I am just curious about this handwriting here: Font

Do anyone of you know what font that is (what it is called) and if LaTeX have this font (and how to use it)?

Kind regards!

closed as off-topic by egreg, Mico, lockstep, Adam Liter, Paul Gessler Feb 4 '15 at 21:28

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Typeface identification

To find what font it is, there are several online services:

You just upload your picture (it would be nice to rotate it first so the text would be horizontal), correct the letters and it might tell you. Or you can check on MyFonts or Dafont for a typeface that it close to the picture.

The TUG Font Catalogue doesn’t have this particular font, so LaTeX is very unlikely to “have” it.

How to use an “external” font?

(By “external”, I mean classical font, not a package like lmodern, kpfonts, etc.)

It is not possible unless you use Xe(La)TeX or Lua(La)TeX. These are new and modern engines that can do many things, especially managing external fonts. Generally, you can use Xe(La)TeX and Lua(La)TeX pretty much the same way you use your usual engine (e. g. pdfLaTeX).

Xe(La)TeX and Lua(La)TeX come with the fontspec package. It gives you access to several commands but the most interresting for you are \fontspec (used to change the font of a portion of text; it works like \bfseries and \sffamily) and \setmainfont (used to specify the main font of the document; by default it’s Latin/Computer Modern).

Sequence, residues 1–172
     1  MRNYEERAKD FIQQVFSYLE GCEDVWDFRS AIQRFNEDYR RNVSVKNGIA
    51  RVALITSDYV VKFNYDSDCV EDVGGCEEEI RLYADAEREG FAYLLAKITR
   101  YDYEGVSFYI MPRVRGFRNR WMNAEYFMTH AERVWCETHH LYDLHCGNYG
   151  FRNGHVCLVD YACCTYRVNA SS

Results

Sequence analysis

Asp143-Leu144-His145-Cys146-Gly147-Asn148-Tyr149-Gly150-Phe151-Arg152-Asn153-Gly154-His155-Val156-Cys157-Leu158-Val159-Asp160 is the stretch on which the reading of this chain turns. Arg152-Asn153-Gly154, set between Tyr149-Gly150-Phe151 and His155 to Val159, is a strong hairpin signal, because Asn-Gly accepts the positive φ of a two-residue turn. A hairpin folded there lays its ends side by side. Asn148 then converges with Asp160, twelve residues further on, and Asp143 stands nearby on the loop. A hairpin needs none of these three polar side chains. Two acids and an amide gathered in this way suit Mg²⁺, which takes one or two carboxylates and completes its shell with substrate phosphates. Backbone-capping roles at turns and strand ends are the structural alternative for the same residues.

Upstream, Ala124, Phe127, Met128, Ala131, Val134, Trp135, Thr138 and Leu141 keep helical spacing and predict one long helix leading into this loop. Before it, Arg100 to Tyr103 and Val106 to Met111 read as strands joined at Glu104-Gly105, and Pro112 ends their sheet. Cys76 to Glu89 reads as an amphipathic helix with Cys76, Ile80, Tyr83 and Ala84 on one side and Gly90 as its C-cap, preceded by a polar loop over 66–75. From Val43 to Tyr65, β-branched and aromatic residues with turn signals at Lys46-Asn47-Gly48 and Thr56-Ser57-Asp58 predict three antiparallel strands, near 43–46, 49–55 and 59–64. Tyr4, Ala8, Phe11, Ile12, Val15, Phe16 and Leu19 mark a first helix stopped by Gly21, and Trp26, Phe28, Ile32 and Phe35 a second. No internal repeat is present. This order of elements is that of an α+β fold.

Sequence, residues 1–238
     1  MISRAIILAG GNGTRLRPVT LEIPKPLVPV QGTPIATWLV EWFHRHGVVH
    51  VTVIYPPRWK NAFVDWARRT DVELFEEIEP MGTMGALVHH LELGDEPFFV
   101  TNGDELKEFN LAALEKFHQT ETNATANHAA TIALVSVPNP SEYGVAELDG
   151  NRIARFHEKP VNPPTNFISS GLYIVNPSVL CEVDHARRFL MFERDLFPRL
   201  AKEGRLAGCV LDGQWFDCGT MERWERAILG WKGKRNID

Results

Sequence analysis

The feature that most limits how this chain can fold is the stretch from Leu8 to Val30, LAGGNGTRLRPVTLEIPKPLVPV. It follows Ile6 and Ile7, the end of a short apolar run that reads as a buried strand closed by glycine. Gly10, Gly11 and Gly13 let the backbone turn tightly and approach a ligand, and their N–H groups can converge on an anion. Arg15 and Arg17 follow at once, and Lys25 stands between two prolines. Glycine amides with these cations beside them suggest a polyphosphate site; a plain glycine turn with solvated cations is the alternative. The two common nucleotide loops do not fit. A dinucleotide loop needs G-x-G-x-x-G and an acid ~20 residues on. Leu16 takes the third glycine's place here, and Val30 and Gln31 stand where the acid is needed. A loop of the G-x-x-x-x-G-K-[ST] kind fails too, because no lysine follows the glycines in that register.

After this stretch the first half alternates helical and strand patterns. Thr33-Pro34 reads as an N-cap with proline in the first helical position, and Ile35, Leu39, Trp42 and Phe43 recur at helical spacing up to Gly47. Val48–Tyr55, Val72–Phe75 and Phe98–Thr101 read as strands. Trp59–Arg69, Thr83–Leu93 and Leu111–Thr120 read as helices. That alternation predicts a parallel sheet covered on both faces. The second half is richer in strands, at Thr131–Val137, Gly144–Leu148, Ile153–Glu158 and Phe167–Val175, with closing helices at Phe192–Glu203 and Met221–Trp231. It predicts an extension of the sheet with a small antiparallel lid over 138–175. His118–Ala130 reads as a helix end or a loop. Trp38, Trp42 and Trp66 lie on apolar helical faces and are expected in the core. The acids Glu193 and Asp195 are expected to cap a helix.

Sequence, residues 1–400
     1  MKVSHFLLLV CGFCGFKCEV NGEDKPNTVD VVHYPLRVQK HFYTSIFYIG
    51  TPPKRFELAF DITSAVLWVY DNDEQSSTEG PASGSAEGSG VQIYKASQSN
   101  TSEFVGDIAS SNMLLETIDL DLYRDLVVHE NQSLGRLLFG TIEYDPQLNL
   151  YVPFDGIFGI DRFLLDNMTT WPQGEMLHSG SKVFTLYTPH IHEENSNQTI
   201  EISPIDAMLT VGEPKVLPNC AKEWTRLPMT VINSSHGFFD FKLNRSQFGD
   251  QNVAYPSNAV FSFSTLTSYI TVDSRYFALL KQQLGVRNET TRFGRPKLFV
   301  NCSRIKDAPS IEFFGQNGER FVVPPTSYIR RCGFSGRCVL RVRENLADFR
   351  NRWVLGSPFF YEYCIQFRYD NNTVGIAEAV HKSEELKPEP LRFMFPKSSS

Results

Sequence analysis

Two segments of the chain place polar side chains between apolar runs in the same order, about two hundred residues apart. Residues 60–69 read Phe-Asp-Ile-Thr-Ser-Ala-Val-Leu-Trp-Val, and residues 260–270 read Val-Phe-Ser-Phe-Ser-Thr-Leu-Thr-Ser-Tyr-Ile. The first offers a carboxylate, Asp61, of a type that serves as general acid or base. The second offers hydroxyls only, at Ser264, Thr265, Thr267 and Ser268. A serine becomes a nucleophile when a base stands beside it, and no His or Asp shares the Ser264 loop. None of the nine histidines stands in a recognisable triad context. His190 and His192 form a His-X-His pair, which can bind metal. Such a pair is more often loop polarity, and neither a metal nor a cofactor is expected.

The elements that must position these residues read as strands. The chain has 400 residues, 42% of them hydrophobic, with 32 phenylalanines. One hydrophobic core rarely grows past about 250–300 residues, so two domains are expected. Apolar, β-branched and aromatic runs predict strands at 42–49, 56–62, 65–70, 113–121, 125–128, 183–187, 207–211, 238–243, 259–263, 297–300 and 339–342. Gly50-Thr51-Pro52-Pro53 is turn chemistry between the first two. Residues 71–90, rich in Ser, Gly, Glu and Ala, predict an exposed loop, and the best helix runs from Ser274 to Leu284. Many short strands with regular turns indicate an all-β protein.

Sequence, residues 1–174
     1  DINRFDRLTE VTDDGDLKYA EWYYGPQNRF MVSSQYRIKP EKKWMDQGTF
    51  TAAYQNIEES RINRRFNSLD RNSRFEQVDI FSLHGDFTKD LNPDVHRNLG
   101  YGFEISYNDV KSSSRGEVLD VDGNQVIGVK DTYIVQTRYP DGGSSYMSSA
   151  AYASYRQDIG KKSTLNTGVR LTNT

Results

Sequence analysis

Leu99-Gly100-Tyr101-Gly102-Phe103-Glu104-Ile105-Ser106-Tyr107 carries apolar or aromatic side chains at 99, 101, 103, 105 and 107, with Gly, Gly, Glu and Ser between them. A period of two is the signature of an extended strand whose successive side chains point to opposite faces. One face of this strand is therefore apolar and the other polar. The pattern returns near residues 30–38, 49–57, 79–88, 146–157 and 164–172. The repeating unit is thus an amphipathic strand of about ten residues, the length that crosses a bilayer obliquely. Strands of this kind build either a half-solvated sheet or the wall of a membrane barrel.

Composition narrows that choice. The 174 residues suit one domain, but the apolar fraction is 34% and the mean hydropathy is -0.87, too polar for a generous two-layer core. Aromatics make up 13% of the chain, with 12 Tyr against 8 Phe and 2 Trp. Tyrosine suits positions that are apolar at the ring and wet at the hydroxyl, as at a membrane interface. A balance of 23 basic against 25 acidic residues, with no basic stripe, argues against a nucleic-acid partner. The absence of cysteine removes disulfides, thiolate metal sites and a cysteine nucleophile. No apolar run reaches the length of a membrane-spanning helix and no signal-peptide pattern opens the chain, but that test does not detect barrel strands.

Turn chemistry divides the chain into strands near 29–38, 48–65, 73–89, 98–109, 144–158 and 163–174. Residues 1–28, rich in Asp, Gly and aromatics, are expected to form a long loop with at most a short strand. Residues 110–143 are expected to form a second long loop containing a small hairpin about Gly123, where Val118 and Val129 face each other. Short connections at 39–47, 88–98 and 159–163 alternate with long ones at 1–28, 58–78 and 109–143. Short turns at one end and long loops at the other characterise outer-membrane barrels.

These two commands takes two parameters:

  • the first is optional and lets you specify the behavior of the font (ligatures for example, which are very important in handrwritten fonts);
  • the second is the name of the font (not the name of the file!)

For example, to use Times New Roman, you write \fontspec{Times New Roman}. To use the common ligatures, you just add the right option: \fontspec[Ligatures={Common}]{Times New Roman}.

  • 1
    in fact, it is highly likely that the sample shown is calligraphy, written by hand with a broad-edged pen, and not a font. this can be seen by the join at the upper-right corners of the "internal" "a"s -- they are ever so slightly different from one another. – barbara beeton Feb 4 '15 at 17:25
  • 1
    I know (the dip pen is visible) but several calligraphy styles became fonts (for example Chancery) and Basilius Sapientia might find a close font he likes. – Zoxume Feb 4 '15 at 17:33
  • 1
    the likelihood of finding a font with such an embellished "H" and "f" is quite doubtful. also the extended cross on the "t". if it had been specified that the "internal" letters were the desired style, and the embellishments weren't expected, then i'd agree, but the implication was that the poster wants "the whole shebang". that's just not going to happen (although zapfino comes reasonably close, but it's a real beast to work with in (la)tex). – barbara beeton Feb 4 '15 at 17:38
  • Well, there are fonts that come with “swash” variants (fontspec can use them), but indeed it would be surprising to find the very same style of the picture. Though, apart from the ornaments it seems to be a very classical English handwritting. – Zoxume Feb 4 '15 at 17:44
  • You could also try whatfontis.com and identifont.com – Clément Feb 4 '15 at 20:39

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